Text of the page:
Northampton Comp Plan Envisions Thriving County in 2040


By Stefanie Jackson – Northampton is getting a new comprehensive plan with a refreshed outlook on the county’s future and a new name: “Your Northampton 2040.”

The title refers to the comprehensive plan’s purpose to describe “the community’s vision for where it wants to be in the next 20 years.”

The Northampton planning commission has been working on the plan under the guidance of the Berkley Group consulting firm and public input collected between September 2019 and January 2020.

Together, they have written a new vision statement: “Northampton County will create a thriving, resilient future that provides for social equity and opportunity for all residents; cultivates stewardship and protection of the natural environment; and builds on its regional heritage while leveraging a twenty-first century economy.”

That vision will be fulfilled by following the comprehensive plan that was informed by official Northampton County documents such as its zoning ordinance, groundwater plan, and coastal resiliency scorecard; the Eastern Shore’s transportation plan, pedestrian study, hazard mitigation plan, and dredging needs assessment; and Virginia’s working waterfront master plan.

Topics covered by the comprehensive plan include Northampton’s cultural heritage, environment, land use and community character, housing and neighborhoods, community facilities, mobility, and economy.

A new future land use map highlights nine pattern areas that fall under four categories: rural settlements (hamlets, villages, and waterfront settlements), towns, development (town edge, commercial, and industrial business), and conservation (conservation areas and rural areas).

The updated comprehensive plan aims to clearly define each area and explain its purpose.

For example, town edges are defined as unincorporated areas adjacent to incorporated towns and “natural future-expansion areas” for the towns, which could potentially be served by extended water and sewer infrastructure and community facilities.

The purpose of town edges is to provide space to develop “livable communities” that offer a variety of housing opportunities, transportation options, and amenities. They should be mixed-use communities that are compact and walkable, with plenty of open space, the plan states.

Town edges and other areas are categorized by housing density. For example, rural areas, used primarily for agriculture and forests, allow one unit per 20 acres, but hamlets allow two units per acre, and villages allow up to four units per acre.

Charts are used to explain simply Northampton’s planning objectives for each area, such as encouraging new development in towns, town edges, and commercial and industrial areas, but not hamlets, villages, or waterfront communities.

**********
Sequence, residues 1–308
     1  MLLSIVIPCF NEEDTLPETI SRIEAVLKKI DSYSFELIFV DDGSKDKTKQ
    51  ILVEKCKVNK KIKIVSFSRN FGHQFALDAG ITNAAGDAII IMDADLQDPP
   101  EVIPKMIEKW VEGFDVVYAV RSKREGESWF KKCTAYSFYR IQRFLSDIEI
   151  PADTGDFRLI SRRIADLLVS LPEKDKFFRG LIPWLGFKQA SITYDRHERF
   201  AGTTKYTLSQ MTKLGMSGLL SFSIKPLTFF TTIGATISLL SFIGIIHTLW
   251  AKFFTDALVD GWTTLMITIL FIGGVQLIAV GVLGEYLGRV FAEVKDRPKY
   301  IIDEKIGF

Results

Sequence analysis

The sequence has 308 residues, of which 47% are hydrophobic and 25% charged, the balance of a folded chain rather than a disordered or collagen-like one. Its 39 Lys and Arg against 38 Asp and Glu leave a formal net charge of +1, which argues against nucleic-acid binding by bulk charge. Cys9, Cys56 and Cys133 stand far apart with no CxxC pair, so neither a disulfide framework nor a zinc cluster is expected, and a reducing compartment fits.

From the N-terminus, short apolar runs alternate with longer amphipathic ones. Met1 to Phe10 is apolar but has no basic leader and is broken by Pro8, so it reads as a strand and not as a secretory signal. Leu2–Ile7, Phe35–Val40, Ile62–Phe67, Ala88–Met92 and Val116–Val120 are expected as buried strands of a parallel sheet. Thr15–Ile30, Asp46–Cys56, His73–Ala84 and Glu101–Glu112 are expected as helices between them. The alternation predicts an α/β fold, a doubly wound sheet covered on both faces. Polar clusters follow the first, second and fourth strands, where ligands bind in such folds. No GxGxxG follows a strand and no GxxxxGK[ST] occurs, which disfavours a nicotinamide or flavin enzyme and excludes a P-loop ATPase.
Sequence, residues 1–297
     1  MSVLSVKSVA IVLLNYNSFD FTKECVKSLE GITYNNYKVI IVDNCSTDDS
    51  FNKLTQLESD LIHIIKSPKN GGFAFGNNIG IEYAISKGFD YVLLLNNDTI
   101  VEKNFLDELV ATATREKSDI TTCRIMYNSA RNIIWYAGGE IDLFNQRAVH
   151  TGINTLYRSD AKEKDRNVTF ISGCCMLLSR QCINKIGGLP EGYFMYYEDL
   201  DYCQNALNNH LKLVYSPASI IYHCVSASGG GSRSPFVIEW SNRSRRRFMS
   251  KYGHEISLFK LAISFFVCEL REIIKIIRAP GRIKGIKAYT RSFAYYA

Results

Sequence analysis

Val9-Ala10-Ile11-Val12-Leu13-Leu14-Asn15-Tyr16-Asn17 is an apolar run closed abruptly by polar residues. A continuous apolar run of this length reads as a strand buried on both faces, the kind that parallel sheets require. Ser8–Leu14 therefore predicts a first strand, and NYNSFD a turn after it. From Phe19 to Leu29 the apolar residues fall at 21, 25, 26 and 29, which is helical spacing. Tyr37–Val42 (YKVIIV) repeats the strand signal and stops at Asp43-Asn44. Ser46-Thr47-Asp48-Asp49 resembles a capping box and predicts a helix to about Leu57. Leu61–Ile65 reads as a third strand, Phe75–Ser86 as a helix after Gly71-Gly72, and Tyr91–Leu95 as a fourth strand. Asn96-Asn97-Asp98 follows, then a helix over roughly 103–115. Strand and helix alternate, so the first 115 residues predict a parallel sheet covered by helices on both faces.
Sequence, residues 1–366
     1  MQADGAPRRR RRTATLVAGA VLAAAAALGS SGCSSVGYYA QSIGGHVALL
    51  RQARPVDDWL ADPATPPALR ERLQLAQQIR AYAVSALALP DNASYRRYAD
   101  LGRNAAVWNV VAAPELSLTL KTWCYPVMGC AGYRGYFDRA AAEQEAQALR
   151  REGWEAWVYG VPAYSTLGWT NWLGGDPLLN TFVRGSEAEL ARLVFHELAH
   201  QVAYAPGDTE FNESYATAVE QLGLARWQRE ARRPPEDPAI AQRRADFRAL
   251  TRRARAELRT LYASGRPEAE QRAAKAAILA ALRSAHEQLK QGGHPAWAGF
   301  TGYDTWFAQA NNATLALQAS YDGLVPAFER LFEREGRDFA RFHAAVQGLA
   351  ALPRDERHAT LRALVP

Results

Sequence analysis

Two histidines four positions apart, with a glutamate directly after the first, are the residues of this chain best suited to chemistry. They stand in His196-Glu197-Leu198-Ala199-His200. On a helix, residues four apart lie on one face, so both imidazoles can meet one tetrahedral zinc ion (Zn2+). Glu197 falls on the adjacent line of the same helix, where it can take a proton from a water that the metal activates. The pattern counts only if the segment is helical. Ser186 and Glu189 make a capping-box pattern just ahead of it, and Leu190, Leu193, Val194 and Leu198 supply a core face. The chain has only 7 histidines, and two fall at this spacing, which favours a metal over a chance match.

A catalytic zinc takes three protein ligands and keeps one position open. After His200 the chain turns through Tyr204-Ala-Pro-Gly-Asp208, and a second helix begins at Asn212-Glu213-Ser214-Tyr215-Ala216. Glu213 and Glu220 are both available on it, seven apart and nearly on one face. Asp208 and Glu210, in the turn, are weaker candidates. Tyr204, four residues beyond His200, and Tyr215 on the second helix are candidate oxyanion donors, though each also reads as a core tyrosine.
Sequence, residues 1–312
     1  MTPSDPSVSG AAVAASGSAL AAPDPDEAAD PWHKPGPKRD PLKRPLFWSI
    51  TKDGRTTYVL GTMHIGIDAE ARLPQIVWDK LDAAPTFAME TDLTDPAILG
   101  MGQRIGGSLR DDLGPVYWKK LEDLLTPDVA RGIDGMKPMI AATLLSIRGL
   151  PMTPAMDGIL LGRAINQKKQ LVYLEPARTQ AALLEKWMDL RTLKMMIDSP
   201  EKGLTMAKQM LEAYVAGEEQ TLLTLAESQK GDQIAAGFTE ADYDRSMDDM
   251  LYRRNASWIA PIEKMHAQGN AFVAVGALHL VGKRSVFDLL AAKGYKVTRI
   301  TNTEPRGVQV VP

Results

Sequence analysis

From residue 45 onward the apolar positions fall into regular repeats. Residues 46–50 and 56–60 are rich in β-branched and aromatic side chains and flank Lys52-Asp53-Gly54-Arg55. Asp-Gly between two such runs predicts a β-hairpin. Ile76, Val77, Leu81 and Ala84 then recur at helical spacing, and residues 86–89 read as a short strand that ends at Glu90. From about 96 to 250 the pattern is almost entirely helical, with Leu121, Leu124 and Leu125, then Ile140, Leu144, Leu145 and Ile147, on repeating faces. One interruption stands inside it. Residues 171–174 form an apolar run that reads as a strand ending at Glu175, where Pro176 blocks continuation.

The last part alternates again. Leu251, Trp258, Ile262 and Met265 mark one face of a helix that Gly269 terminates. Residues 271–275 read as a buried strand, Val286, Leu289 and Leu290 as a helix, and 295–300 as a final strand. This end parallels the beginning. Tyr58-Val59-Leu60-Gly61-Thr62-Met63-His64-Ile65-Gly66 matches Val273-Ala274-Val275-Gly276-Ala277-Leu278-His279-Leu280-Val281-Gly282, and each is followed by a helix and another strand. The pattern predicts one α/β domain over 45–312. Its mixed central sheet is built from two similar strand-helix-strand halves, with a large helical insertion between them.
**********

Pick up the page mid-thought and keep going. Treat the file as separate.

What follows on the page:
Other planning goals listed include directing housing opportunities to towns and town edges; improving pedestrian safety in towns, town edges, and commercial and industrial areas; and focusing climate change resiliency efforts on conservation and rural areas, waterfront communities, and towns.

Topics the comprehensive plan addresses include protecting natural resources, including farm lands and working waterfronts; promoting growth and development in and around towns while safeguarding water quality and combating sea-level rise; promoting tourism, including rental vacation properties, while providing affordable housing for working families; and attracting young workers while supporting an aging population.

“Northampton County stands at a crossroads in its nearly 400-year history,” the comprehensive plan states.

As the county plans for the future, it needs “increased and diversified economic activity and opportunity, expanded infrastructure to support businesses and affordable housing, improved schools, additional workforce training and jobs, new tax revenue sources, and more convenient amenities.”

“By understanding the challenges and opportunities facing our community, we can decide what works and what we can do better,” the authors wrote.

The COVID-19 pandemic interrupted progress on the comprehensive plan, and the Berkley Group recently amended its timeline for completion of the project.

An open house is planned in January 2021 for public review of the draft comprehensive plan, with final revisions to be made in February and March, followed by a public hearing and anticipated adoption of the plan later in March.

Previous articleParksley Gives CARES Act Grants to Businesses
Next articleNorthampton Student with COVID-19 Won’t Stop Plans to Bring More Kids Back to Class